It's Not Just Bad Luck

To conclude, the responsibility for this unprecedented streak of injuries to Bulls' players over the last six years has blame throughout the organization. Players grind themselves through injuries they often choose to return too early from, coaches (not just Thibs) mismanage the workloads of players that they should know are hurt, and the trainers/medical staff frequently misdiagnose expected recovery times. This all relates back to the organizational culture created by those in charge that favors expedited recovery over preventative treatment, usually in the pursuit of making the playoffs regardless of whether or not they are truly contenders. Though some instances have simply been a series of unfortunate events, the consistent injury issues plaguing this team for the past six years have to make one wonder if a change in approach is justified. The success of other trainers/medical staff's approaches in the NBA, such as that of the Suns would suggest that is most certainly the case.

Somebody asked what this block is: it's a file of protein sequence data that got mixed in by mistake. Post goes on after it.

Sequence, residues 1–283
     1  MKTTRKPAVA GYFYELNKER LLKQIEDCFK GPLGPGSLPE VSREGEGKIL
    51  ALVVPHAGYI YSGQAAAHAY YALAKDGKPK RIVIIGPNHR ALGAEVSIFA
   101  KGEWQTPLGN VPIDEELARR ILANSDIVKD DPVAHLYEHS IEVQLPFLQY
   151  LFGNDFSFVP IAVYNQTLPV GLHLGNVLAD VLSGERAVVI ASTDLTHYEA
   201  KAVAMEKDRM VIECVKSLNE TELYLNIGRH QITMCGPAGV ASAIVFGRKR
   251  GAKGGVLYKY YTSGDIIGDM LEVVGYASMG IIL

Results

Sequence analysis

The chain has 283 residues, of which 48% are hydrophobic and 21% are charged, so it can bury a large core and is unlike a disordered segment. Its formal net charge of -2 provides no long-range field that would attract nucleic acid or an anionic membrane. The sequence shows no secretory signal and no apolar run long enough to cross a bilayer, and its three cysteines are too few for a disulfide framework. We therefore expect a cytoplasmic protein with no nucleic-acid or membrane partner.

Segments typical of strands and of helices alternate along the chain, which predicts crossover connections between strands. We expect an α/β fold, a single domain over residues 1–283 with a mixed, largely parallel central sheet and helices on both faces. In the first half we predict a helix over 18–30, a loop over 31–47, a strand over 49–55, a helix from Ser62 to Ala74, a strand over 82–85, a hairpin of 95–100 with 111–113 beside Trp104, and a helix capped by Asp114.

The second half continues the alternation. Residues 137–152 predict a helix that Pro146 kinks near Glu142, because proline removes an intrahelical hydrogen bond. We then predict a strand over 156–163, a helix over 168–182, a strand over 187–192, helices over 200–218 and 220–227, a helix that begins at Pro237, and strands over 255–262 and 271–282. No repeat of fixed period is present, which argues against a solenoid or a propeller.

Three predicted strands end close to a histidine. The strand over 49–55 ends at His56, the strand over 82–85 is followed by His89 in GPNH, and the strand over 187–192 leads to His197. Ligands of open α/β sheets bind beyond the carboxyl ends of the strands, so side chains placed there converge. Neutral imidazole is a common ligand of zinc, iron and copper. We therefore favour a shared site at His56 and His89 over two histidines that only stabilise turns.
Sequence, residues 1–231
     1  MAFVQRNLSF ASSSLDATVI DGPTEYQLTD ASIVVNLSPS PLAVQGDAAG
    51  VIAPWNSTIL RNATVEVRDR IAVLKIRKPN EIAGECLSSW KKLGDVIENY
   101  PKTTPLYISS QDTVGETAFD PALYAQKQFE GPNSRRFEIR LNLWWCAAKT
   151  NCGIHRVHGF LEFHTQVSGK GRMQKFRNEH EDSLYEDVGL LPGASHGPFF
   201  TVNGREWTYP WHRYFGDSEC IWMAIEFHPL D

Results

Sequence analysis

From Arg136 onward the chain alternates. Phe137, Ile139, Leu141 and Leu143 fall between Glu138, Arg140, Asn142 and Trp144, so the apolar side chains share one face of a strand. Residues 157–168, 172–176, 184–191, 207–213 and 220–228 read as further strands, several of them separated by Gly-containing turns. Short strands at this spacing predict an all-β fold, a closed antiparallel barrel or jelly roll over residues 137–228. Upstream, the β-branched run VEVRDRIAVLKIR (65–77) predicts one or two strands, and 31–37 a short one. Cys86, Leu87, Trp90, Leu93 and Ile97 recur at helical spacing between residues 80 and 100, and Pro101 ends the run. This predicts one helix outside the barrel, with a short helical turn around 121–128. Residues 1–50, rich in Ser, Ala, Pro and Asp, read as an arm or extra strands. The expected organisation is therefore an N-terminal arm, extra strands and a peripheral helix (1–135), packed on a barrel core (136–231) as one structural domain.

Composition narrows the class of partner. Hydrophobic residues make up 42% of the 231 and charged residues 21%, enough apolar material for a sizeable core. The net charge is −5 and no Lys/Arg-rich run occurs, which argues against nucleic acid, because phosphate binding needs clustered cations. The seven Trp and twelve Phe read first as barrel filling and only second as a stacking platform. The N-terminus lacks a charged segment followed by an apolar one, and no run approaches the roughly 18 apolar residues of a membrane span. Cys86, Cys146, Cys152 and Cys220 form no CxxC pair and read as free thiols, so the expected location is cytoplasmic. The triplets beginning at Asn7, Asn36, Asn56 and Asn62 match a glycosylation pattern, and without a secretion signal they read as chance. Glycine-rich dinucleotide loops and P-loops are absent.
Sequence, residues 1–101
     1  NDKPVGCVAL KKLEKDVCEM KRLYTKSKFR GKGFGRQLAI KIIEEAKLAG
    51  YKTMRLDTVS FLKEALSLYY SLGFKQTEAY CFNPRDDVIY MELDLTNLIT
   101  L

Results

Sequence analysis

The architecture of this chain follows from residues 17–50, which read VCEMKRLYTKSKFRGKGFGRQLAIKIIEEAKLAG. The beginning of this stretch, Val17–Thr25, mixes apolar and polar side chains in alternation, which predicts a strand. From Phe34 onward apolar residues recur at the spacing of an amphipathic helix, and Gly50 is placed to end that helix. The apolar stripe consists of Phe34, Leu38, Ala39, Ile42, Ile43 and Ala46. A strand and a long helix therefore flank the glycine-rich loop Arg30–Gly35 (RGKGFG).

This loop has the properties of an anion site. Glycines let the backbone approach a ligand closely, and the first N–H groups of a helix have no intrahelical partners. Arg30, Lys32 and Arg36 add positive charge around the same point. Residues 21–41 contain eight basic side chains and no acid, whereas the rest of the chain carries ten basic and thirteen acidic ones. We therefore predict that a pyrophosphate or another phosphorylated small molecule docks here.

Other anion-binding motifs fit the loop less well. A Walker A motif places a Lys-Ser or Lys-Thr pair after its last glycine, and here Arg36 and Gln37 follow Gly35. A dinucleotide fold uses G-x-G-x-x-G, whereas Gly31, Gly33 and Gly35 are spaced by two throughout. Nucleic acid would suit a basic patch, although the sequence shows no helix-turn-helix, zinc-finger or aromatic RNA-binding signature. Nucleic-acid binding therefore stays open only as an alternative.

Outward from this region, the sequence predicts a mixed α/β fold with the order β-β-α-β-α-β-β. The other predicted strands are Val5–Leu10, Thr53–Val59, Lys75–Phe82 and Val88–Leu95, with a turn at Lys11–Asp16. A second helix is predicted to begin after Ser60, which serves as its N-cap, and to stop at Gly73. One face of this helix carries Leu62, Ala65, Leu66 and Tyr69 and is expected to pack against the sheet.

If I were management, I would shut Jimmy Butler down today and make him get knee surgery if it's warranted. This isn't unprecedented or controversial, as the New Orleans' Pelicans already shut down Anthony Davis for the season to allow him the chance to get surgery and play fully healthy for the first time in three years. But if the Bulls continue to grind one of their core players into dust for the sole purpose of making a playoffs they have no shot at ultimately winning, then their negative injury narrative is never going to end.

At some point, all of the people responsible for making these health decisions are going to have to examine the events that have consistently transpired over the past six seasons. They must collectively realize that relentlessly fighting through injuries is not a successful strategy for any team that desires to label itself as a championship contender. To not do so will ensure that the door is left open for this cycle of "bad luck" to continue.